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Wyoming, along with other states is in the midst of as flu epidemic, or at least a spreading disease. The problem is that the flu shot did not prevent the disease, though it may make it less deadly.

That shocked some people, but not me. If you look at all the modern medical concoctions, you understand why a flu shot is still more desirable than all those pills and shots that have a multitude of side effects. Flu shots may not prevent the flu, but they do not cause rash, hives, itching, swollen lips, wheezing, dizziness, chest pain, sleepiness, weakness or painful erections. That’s a short list of the warnings on most prescriptions.

So I was reminded that the home remedies that Gramma and Mother prescribed either did what they were supposed to do or nothing at all. I don’t know whether heated olive oil doused with table pepper and stuffed on a cotton ball in your ear actually cured an earache, but it certainly didn’t cause dizziness, nausea, wheezing or any of those other awful things. Sometimes, I do wonder if it caused some deafness later in life, but that’s far-fetched.

I know that mustard or vapor rub plasters on your chest certainly cleared up your sinuses, and Mother thought it cured our colds. It probably did, because it kept us indoors for a day or two, and we were glad to go back to school rather than have that stiff chest plaster weighing us down. In my 20s, I did wonder whether I’d look more like Jane Russell if Mother hadn’t salved my cold by holding down my growth hormones.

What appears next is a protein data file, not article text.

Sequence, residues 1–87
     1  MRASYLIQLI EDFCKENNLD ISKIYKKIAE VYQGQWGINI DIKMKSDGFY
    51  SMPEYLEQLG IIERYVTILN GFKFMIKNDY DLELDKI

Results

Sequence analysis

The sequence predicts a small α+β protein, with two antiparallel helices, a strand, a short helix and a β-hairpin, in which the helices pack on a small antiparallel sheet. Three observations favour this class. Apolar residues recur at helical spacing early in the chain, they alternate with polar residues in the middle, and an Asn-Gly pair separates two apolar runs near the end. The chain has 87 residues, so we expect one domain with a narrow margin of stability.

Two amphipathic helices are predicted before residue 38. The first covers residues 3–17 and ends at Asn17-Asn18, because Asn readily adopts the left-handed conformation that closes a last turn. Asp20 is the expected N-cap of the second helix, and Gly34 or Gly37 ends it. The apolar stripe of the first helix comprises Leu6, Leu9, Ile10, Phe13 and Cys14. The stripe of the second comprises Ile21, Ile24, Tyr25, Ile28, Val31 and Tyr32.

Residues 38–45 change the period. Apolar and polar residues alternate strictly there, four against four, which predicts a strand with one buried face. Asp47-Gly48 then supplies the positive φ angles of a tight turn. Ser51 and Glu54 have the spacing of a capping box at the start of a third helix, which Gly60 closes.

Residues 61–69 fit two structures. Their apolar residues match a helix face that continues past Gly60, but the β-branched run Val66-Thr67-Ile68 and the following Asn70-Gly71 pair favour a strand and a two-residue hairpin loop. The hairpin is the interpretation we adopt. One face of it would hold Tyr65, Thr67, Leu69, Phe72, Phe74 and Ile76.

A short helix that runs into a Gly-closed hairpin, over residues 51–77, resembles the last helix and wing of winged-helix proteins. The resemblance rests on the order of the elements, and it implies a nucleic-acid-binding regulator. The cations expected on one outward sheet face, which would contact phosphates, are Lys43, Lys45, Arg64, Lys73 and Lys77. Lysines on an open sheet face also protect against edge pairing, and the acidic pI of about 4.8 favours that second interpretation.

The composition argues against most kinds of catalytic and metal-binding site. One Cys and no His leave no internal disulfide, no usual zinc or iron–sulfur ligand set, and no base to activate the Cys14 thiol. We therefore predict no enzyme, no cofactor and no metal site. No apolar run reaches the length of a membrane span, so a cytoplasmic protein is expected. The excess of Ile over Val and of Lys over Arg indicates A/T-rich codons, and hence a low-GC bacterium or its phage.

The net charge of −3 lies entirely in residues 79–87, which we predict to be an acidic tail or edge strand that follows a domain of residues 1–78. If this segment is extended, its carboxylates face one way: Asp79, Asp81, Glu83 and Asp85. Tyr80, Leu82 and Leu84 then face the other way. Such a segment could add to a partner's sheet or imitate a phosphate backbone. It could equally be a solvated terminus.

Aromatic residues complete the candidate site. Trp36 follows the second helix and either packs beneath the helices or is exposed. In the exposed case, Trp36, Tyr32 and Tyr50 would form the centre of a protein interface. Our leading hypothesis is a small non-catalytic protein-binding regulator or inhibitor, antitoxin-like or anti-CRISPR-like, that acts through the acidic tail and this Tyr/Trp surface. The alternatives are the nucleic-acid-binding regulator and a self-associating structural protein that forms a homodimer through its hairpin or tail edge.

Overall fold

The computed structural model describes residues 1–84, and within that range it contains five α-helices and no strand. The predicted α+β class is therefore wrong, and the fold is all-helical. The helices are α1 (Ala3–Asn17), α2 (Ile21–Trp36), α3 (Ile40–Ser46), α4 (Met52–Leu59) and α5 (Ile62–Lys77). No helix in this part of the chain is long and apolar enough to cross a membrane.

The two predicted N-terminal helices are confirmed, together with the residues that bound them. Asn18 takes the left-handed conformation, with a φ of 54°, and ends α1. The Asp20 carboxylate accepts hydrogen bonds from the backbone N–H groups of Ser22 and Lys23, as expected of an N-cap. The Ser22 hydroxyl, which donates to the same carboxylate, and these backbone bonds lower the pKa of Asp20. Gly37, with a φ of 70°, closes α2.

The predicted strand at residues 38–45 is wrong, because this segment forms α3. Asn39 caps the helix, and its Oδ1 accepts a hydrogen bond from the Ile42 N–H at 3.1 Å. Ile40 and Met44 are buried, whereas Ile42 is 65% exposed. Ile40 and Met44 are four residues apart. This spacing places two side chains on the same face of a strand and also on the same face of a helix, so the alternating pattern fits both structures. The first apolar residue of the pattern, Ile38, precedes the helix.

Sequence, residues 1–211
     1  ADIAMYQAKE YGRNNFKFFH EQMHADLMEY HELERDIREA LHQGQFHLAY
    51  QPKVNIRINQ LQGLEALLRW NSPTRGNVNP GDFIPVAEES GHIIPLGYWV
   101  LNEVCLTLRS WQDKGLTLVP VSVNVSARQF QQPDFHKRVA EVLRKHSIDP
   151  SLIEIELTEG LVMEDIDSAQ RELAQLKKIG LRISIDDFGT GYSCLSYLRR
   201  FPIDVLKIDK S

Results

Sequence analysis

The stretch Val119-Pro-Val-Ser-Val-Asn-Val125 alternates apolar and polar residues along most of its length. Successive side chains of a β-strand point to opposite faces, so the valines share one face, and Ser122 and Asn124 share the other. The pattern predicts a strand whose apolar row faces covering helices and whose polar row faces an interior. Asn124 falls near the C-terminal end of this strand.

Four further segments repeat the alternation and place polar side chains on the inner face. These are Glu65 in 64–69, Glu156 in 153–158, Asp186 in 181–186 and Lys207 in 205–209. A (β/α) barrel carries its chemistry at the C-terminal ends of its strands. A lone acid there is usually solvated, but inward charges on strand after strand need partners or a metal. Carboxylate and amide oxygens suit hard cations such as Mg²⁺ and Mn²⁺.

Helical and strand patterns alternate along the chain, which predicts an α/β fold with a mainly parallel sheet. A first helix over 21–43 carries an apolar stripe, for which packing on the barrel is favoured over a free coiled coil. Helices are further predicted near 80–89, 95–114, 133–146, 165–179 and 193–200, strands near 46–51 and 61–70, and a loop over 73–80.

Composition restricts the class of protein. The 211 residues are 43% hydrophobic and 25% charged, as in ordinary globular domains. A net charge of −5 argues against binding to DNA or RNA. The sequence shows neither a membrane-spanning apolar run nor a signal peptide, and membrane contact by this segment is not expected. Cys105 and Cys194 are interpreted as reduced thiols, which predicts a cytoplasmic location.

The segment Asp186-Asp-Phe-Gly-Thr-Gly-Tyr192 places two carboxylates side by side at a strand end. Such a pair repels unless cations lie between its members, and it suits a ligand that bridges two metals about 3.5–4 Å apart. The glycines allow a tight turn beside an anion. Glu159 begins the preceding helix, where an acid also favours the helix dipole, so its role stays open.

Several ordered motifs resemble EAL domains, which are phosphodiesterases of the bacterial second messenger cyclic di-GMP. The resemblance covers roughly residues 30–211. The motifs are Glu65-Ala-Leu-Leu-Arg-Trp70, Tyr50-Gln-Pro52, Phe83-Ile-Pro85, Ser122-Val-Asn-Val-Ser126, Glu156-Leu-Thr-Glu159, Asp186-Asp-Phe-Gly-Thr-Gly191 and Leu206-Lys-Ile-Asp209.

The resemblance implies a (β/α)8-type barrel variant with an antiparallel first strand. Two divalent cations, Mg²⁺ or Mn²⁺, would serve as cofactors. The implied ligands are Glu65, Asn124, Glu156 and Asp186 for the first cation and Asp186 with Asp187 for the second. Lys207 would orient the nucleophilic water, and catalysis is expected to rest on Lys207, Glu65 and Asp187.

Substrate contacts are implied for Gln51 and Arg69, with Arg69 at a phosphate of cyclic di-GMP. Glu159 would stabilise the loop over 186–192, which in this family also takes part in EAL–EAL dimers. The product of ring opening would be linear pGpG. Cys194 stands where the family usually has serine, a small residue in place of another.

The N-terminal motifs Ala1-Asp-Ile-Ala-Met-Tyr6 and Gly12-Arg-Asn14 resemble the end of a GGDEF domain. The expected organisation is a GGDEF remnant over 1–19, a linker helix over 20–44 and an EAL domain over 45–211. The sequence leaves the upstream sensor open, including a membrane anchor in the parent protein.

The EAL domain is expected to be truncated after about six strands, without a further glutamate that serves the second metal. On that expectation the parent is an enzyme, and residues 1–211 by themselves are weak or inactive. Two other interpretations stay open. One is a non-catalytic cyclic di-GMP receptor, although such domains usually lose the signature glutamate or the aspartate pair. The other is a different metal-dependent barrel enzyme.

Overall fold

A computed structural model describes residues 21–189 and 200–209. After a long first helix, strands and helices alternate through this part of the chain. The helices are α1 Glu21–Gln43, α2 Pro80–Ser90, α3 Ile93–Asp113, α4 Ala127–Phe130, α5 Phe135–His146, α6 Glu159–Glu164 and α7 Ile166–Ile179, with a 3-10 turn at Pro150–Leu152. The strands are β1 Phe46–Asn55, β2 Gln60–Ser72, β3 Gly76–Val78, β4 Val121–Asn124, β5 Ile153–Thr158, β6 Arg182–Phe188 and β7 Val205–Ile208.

My friends were given honey and whiskey for colds and broken bones, but my Mother prepared bourbon and lemon, then heated it up and drank it herself because I couldn’t get the awful smell past my nose.

We all had iodine poured on our cuts, and that cured any whining we may have contemplated since we didn’t want the remedy repeated. We preferred to risk gangrene than have what felt like acid poured on our open veins.

When I cut my hand between the thumb and index finger helping my dad peel pulp, he simply spit tobacco juice on it and covered it with a cigarette paper until we got home several hours later. There’s proof it worked since I don’t have a scar, and I have used my index finger to make a lot of points. Come to think of it, thumbs have to be carefully used, too. Once, I gave a thumbs down to a driver on Sherman Hill for pulling out in front of me at 40 miles per hour when I was going 70, and his daughter thought I had used another finger and pulled me over and was going to fight me. She was wearing army boots, and I ran since she couldn’t catch me with a Jeep going 40 and weighed down with those boots.

But I digress. Some of my friends were the recipients of cigar smoke in their ear to cure an earache; I’d heard a lot about smoke in your eyes during WWII, but that was meant to be romantic, a nostrum for love, not an earache. Come to think of it, neither one worked.

But I’ll say it again: home remedies didn’t cause all those other things they warn you about nowadays. In rare instances, they may have resulted in alcoholism, blood poisoning, deafness and caved chests, but the connection was long-term, not immediate. Ignorant of any possible side effects, and fully informed and resistant to the treatments, we never admitted we were sick. In today’s elixir-prone world, that’s one home remedy that might work better than all those meds that either cure or kill you.

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